Call for Abstracts

We are seeking Abstracts for:

  • Lightning talks (10 min, Thursday or Friday June 13-14) Can pre-record so that you can be live on chat to answer questions
  • Regular talks (20 min, Thursday or Friday June 13-14) Can pre-record so that you can be live on chat to answer questions
  • Demos - (1 hour demo of an approach or a package, Wednesday June 12) Done live, preferably interactive
  • Workshops - 2-3 hours on a topic, on Monday or Tuesday Jan 10-11, usually with a website and a repo, participants can choose to code along. Usually 5-10 min breaks each hour.
  • Posters for the poster session on Wednesday June 12. Can include live (virtual) demos of an app or a package.

An abstract proposal should describe a presentation of methodology, a study or project, or an example or case study relevant to one (or more) of our fields of interest, with R-based tools having a substantial role in the work.  The content of the presentation should be of interest to the R/Medicine community.

Dates to Remember

CFP Closes:  Monday, April 22 at 11:59 PM EDT

CFP Notifications:  April 29

Schedule Announcement:  May 6

Pre-Recorded Video Submission:  June 3

R/Medicine 2024 Conference:  Monday, June 10  to  Friday, June 14

Important Notes

All speakers are required to adhere to our Code of Conduct. We also highly recommend that speakers take our online Inclusive Speaker Orientation Course.

The Chat

R/Medicine has a strong tradition of active discussion in a virtual chat during virtual presentations, and this discussion is much better if the presenter or a co-presenter is active in the chat, sharing relevant links and answering questions during the presentation. If you are planning to be a solo presenter for a talk on Thursday or Friday, plan to prerecord your talk to submit by June 3, and to attend (virtually) in person to actively participate in the chat. If you have relevant links in your presentation, put them in a document ahead of time so that you can easily drop them into the chat when appropriate. If you have a co-presenter, decide who will present and who will chat (or take turns at a natural switching point).

Panel submissions must include the names of all participants in the initial submission in order to be considered.  The Linux Foundation does not accept submissions with all-male panels, in an effort to increase speaker diversity.

Complimentary Passes For Speakers: One complimentary pass for the event will be provided for the accepted primary speaker and a co-speaker. For panel sessions, each panelist will receive a complimentary pass.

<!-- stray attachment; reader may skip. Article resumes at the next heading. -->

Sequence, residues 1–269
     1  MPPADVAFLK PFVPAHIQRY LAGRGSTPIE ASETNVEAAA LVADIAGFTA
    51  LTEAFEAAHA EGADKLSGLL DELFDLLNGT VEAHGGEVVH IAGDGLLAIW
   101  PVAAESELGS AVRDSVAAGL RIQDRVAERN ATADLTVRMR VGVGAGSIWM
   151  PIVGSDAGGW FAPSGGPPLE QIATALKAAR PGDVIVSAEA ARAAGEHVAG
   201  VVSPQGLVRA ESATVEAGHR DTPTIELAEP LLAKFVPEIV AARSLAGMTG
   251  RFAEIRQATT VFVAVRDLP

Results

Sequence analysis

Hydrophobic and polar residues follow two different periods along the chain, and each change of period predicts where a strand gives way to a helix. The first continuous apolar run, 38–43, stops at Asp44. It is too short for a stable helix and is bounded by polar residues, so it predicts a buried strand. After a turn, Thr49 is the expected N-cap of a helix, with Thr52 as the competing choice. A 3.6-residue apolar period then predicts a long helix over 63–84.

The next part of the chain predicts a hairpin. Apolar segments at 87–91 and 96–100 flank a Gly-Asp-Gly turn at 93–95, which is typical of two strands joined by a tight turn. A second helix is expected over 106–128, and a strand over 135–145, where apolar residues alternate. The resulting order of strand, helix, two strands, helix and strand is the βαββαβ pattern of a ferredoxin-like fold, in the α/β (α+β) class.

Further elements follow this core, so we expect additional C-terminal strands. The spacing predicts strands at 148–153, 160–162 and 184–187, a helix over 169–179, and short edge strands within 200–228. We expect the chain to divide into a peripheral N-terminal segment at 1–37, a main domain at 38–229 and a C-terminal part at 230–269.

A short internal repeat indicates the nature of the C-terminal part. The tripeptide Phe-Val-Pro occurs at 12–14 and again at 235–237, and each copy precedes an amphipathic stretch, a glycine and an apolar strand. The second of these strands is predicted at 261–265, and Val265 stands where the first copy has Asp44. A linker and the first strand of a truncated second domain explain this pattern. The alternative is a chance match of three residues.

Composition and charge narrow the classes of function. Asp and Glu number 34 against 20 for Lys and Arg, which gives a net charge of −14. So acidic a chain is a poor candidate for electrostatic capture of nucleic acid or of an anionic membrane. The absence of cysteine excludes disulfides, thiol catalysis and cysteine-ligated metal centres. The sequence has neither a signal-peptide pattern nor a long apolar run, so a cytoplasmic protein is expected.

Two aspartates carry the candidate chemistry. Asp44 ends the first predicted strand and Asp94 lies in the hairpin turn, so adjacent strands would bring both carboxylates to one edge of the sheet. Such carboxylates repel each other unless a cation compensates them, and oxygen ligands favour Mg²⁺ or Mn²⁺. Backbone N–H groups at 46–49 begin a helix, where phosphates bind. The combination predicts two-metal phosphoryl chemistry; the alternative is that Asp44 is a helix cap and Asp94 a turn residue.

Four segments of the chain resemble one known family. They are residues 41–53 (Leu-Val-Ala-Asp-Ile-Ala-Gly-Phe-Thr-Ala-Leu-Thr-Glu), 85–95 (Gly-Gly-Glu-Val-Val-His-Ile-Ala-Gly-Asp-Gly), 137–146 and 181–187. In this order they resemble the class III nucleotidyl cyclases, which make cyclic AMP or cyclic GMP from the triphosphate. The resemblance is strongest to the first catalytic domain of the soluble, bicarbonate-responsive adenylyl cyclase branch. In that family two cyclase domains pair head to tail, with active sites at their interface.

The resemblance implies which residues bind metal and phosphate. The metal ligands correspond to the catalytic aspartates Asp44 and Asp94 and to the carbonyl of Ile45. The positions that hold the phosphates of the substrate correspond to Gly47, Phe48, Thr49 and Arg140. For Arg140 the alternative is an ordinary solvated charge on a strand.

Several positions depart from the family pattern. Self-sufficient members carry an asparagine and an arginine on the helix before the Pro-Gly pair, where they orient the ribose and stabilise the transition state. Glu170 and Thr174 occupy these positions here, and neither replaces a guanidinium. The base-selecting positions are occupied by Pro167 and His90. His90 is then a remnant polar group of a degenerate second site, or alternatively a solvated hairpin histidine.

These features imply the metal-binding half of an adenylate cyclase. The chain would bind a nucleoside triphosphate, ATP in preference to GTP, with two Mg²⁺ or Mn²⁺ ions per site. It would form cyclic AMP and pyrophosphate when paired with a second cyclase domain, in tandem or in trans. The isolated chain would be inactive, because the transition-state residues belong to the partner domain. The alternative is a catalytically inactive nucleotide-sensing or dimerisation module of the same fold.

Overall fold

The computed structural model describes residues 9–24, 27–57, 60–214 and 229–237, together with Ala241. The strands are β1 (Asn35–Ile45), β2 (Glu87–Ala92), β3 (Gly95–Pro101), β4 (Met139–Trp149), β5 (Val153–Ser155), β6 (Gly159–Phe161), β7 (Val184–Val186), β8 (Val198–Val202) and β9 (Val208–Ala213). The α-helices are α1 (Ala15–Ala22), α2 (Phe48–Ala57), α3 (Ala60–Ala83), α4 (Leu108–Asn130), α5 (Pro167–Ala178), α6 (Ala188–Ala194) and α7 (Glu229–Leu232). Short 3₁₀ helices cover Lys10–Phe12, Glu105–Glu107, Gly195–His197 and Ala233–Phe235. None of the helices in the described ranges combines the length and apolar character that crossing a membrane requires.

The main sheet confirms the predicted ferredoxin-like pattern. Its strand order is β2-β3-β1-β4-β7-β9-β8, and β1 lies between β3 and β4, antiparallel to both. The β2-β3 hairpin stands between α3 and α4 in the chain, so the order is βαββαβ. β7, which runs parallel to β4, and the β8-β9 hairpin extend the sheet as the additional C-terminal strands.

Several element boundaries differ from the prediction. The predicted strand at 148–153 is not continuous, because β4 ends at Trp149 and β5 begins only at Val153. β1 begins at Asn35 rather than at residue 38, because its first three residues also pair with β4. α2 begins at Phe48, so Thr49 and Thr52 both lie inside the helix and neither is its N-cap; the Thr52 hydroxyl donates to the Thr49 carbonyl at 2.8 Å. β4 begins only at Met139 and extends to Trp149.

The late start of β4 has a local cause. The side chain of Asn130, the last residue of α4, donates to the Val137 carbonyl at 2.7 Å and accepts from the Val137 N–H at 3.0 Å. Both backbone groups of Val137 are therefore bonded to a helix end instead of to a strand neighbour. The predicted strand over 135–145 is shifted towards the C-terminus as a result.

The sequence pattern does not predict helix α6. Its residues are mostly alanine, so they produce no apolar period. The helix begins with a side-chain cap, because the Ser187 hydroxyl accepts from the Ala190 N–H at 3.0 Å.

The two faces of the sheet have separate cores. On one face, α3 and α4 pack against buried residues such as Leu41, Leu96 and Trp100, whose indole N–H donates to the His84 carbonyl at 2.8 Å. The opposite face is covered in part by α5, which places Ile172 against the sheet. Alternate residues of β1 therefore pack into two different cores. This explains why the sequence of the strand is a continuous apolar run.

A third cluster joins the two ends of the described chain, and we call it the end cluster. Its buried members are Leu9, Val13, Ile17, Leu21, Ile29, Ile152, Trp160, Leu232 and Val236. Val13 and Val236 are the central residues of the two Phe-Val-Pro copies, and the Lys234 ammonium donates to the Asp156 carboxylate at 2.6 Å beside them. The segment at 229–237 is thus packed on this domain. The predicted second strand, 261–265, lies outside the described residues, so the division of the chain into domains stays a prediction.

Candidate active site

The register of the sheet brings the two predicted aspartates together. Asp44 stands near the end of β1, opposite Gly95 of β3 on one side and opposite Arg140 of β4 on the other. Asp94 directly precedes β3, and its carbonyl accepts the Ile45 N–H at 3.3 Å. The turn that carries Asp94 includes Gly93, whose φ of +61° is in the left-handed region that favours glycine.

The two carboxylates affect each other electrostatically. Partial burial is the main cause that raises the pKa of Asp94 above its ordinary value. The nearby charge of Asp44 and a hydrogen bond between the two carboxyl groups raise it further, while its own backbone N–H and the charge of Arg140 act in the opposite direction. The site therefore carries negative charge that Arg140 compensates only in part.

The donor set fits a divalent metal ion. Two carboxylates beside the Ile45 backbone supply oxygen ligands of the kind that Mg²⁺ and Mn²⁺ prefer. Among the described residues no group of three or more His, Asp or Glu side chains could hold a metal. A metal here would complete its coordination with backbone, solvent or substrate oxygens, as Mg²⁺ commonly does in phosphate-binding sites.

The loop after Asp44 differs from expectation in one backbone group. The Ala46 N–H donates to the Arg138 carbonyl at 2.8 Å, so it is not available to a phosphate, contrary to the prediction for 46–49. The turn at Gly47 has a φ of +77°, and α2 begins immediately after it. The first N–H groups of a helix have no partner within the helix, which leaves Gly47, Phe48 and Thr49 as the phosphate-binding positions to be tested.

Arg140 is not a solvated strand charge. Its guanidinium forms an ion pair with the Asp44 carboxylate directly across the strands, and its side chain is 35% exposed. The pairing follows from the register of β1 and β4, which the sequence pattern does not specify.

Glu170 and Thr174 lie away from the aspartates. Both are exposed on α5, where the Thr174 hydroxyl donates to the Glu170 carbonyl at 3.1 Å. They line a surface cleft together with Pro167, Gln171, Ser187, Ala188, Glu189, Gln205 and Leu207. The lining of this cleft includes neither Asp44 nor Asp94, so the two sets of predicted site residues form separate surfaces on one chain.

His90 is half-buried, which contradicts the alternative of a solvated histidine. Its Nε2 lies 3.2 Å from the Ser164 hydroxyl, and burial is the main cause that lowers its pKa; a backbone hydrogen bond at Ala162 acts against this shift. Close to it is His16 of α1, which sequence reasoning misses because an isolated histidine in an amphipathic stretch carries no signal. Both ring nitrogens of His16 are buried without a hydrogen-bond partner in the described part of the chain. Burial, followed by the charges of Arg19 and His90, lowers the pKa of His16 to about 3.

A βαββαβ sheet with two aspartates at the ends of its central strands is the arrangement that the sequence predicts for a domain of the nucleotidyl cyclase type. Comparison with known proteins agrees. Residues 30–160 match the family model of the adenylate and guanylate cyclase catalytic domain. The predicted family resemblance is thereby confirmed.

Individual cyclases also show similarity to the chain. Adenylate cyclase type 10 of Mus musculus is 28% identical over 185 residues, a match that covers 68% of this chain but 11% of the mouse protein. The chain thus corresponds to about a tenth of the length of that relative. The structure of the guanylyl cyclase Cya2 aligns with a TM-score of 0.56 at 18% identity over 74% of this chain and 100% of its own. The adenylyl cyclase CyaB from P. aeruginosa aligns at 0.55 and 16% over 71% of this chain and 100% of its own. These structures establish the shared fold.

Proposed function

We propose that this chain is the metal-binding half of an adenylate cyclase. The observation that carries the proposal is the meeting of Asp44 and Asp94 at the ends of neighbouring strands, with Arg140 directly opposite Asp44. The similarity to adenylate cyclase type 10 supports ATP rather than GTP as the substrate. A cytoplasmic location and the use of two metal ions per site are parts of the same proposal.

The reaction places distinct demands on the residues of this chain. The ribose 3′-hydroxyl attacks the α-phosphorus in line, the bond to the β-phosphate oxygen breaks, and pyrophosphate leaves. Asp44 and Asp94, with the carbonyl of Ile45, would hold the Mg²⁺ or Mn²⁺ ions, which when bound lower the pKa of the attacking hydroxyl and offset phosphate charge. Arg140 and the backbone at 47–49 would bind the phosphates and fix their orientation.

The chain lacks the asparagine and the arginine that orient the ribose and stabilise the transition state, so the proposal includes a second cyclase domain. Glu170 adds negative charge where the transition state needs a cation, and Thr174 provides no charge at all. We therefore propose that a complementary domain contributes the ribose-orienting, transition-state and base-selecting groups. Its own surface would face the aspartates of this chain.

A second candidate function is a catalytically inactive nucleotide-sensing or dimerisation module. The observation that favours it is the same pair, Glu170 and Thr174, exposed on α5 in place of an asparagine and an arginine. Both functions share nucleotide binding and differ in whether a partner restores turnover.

Avoid sales or marketing pitches and discussion of unlicensed or potentially closed-source technologies in your proposal. Talks of this nature are almost always rejected because they diminish the integrity of our events and are rarely well-received by conference attendees.

All accepted speakers are required to submit their presentation slides (and prerecorded presentation videos) by June 3, prior to the event.

Poster sessions can be a static rectangular graphic, and can include a ‘share window’ where you can do short demos for folks who (virtually) walk up to your poster.

Preparing to Submit Your Proposal

We do not intend to provide strict instructions on how to prepare your proposal; however, we hope you will review the following guidelines to help you prepare the best submission possible.  To get started, here are three questions you should consider before submitting your proposal:

  1. What are you hoping to get from your presentation?

  2. What do you expect the audience to gain from your presentation?

  3. How will your presentation help better the R Medicine ecosystem?

There are many ways to give a presentation about projects and technologies without focusing on company-specific efforts.

Remember the questions above when writing your proposal, and think of ways to make it interesting for attendees as you share your experiences, educate the community about a method or an issue, or generate interest in a project.

First Time Submitting? Don’t Feel Intimidated

Linux Foundation events are an excellent place for getting to know the community and sharing your ideas and the work you are doing.  We strongly encourage first-time speakers to submit talks for our events.  If you aren’t sure about your abstract, reach out to us and we will be happy to provide advice on your proposal.

How To Give a Great Tech Talk

If your talk is accepted, we want to help you give the best presentation possible.  To do this, we enlisted the assistance of seasoned conference speaker Josh Berkus, who has prepared this in-depth tutorial on “How to Give a Great Tech Talk”:

Part 1:

Part 2:

To submit a proposal:

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